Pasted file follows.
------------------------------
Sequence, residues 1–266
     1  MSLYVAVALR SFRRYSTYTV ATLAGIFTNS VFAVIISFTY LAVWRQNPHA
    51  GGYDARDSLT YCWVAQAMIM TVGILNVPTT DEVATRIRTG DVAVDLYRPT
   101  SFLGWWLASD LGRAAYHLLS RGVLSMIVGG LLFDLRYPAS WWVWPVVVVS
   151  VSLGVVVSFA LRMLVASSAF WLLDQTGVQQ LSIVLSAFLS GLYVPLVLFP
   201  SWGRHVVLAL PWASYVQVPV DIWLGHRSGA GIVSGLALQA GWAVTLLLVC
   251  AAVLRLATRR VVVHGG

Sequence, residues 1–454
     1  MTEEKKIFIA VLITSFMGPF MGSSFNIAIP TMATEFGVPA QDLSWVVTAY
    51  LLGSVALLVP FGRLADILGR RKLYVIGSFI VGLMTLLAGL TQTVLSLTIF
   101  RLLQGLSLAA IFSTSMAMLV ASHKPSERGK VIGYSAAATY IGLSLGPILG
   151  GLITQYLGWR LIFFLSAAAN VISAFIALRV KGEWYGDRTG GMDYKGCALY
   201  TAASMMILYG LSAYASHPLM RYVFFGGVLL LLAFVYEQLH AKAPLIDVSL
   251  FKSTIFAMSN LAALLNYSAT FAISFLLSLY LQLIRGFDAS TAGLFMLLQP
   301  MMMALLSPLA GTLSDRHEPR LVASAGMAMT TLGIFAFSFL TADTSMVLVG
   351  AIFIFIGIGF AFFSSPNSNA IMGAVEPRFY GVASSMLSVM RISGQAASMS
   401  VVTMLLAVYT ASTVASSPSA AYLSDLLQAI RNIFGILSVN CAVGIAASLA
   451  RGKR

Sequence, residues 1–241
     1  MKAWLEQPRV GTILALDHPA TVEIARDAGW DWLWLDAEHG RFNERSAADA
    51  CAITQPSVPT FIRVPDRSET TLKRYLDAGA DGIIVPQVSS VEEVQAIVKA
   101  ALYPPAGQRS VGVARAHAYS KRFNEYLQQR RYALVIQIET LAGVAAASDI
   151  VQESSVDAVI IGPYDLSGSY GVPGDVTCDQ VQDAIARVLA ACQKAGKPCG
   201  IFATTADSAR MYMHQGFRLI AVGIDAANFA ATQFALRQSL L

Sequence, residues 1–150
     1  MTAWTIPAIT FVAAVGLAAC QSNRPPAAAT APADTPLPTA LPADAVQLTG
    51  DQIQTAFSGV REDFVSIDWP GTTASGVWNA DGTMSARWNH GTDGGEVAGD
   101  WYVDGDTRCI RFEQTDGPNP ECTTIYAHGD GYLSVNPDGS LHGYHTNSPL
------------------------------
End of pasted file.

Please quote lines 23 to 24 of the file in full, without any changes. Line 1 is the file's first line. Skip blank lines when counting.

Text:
   151  VQESSVDAVI IGPYDLSGSY GVPGDVTCDQ VQDAIARVLA ACQKAGKPCG
   201  IFATTADSAR MYMHQGFRLI AVGIDAANFA ATQFALRQSL L